Offenses are not the same for purposes of the double jeopardy clause simply
because they arise out of the same general course of criminal conduct; they
are the "same" only when 'the evidence required to support a conviction upon
one of them [the indictments] would have been sufficient to warrant a conviction upon the other' .. ." Id. at 809.
The most recent statement of the "same evidence" test in the Seventh Circuit is
found in U.S. v. Chase, 309 F. Supp. 430 (N.D. Ill. E.D. 1970) : "Offenses are identical
only when the evidence required to support a conviction upon one of them would be
sufficient to warrant a conviction upon the other," Id. at 433.
Fact situations not meeting the "same offense" criteria are outside the scope of this
note, see, e.g., Melville v. State, -Md.-268 A.2d 497 (1970) in which the Court of
Special Appeals held that prior federal convictions under the Military Selective Service
Act did not bar state prosecution of defendants for robbery of the selective service
system and assault and battery on selective service employees. Appellants in Melville
argued a sub silentio refutation of Bartkus v. Illinois, supra note 1, by Benton v. Maryland, supra note 3, and Murphy v. Waterfront Commission, infra note 42. The Melville
court, however, failed to reach this issue since they did not find the required "same
offense." The convictions were affirmed on the theory that different crimes violating
different interests were being prosecuted by the two sovereignties: "The state is
punishing offenses against the individuals while the federal government is punishing
defendant in Lanza was indicted for violation of the federal prohibition
law subsequent to a state conviction for violation of a similar state statute.
Rejecting Lanza's double jeopardy defense, the Supreme Court held
that the fifth amendment did not prohibit consecutive prosecutions by
state and federal governments. The Court based its decision on the dual
sovereignty concept of federalism, reasoning that each government retained the power to prosecute and punish conduct violative of the laws
of each and that the fifth amendment double jeopardy protection applied
only to successive federal prosecutions."
The Lanza decision has been severely attacked. Several critics have
characterized it as one of the unhappy byproducts of the enforcement
problems generated by Volsteadism and the Prohibition era. 1 Criticism
has also focused on the fact that Lanza relied on the dicta in eleven
Supreme Court decisions, in none of which was the issue of dual
sovereignty essential to decision."z Moreover, three of the cases cited as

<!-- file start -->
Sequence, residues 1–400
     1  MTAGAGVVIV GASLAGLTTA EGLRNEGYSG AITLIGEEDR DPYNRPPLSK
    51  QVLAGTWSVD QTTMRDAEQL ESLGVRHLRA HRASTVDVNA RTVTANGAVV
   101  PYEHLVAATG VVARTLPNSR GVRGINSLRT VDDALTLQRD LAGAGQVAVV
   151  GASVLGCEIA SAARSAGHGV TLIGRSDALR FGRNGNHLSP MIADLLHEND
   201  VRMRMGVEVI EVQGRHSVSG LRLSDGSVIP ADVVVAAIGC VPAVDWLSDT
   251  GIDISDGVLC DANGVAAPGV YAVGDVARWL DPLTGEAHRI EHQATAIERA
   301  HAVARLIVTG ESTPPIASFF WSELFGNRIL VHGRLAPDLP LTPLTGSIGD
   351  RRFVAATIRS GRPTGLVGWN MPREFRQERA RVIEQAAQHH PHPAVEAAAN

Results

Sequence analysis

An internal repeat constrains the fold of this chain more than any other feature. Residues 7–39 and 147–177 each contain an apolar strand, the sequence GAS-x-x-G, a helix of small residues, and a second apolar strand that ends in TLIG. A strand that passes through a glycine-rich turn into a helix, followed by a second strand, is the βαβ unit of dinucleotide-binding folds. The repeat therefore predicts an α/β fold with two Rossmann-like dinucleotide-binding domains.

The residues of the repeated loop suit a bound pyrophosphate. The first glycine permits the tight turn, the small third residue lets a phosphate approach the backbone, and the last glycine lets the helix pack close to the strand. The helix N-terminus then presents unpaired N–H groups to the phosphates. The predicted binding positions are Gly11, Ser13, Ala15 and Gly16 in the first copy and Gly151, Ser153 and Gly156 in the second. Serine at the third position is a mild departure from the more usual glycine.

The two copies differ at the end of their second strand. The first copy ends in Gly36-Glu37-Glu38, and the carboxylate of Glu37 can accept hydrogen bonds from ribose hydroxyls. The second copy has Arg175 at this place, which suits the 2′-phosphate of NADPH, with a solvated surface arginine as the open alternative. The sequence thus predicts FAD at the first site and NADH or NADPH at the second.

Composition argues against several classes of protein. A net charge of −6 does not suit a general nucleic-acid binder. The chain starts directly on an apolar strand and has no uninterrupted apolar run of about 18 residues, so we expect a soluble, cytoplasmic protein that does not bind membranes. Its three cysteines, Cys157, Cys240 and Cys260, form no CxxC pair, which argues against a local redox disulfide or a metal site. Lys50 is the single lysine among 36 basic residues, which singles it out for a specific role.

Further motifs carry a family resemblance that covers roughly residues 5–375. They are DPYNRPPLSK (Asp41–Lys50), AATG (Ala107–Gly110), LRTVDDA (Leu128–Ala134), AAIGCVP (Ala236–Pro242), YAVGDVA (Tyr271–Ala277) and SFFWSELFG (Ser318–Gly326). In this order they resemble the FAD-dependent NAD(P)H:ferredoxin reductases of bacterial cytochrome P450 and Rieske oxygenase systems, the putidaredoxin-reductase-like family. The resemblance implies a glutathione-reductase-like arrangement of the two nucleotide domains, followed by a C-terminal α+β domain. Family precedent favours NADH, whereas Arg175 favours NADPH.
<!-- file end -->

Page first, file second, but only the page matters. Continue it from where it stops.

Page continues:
offenses against the property; and thus the conduct prohibitied by the two sovereigns is
not identical nor does it concern the same subject." Id. at 500. For a thoughtful treatment of the problems associated with "same offense" language, see Harrison, Federalism
and Double Jeopardy: A Study in the Frustrationof Human Rights, 17 U. MIAmi L.
R-v.306, 327-34 (1962).
7. See note 5 supra.
8. The general rule regarding the issue of double jeopardy when the state and
federal sovereignties have concurrent jurisdiction or "dual sovereignty" is summarized
in 21 Amf. JtR. 2d, Criminal Law § 192 (1965) as follows:
The same act may constitute a violation of both federal and state laws, and
it has been held that a conviction or acquittal in one jurisdiction will not
prevent a subsequent prosecution in the other if the case is one over which
both sovereignties have jurisdiction. [citing Bartkus, note 1 supra and
Abbate, note 2 supra]
9. 260 U.S. 377 (1922).
Id. at 382, ".
. [A]n act denounced as a crime by both national and state
sovereignties is an offense against the peace and dignity of both, and may be punished by
each . .
. [Furthermore, the fifth amendment]
"like all the other guaranties of the
first eight amendments, applies only to proceedings by the federal government."
11. Legal scholars have not been kind to the Lanza rationale nor to its precedential
foundation. See, e.g., Grant, The lanza Rule of Successive Prosecutions,32 COL. L. REv.
1309 (1932) ; Grant, Successive Prosecutions by State and Nation: Common. Law and
British Empire Comparisons, 4 UCLA L. REv. 1 (1956); Franck, An International
Lawyer Looks at the Bartkus Rule, 34 N.Y.U. L. REv. 1096 (1959) ; Fisher, Double
Jeopardy, Two Soereignties and the Intruding Constitution, 28 U. Cxi. L. Rxv. 391
(1961); Fisher, Double Jeopardy and Federalism, 50 MINN. L. Rav. 607 (1966);
Harrison, Federalism and Double Jeopardy: A Study in the Frustration of Human
Rights, 17 U. MIAmI L. REv. 306 (1962); Pontikes, Dual Sovereignty and Double
Jeopardy: A Critique of Bartkus v. Illinois and Abbate v. United States, 14 W. REs. L.
Ray. 700 (1963).
The year following Lanza, the State of New York repealed its prohibition act in
order to prevent such double prosecutions as Lanza allowed, see LAWS OF NEW YORK,
ch. 871 at 1690 (1923).
12. The cited cases in Lanza, note 9 supra, are as follows:
Fox v. Ohio, 46 U.S. (5 How.) 410, 432-35, (1847) (two different offenses) ; United
States v. Marigold, 50 U.S. (9 How.) 560, 565-66 (1850) (dual sovereignty assevera-
authority" were decided in the Civil War period when the issue of state
sovereignty was not merely a politico-legal question, but an intensely
emotional one as well.' 4
The Court in Lanza minimized the possibility of actual double prosecution by the state and federal governments for the same offense.
Quoting from Fox v. Ohio, 5 Chief Justice Taft observed:
It is almost certain that, in the benignant spirit in which the
institutions both of state and federal systems are administered,
an offender who should have suffered the penalties denounced by
the one would not be subject to a second time to punishment by
the other for acts essentially the same, unless indeed this might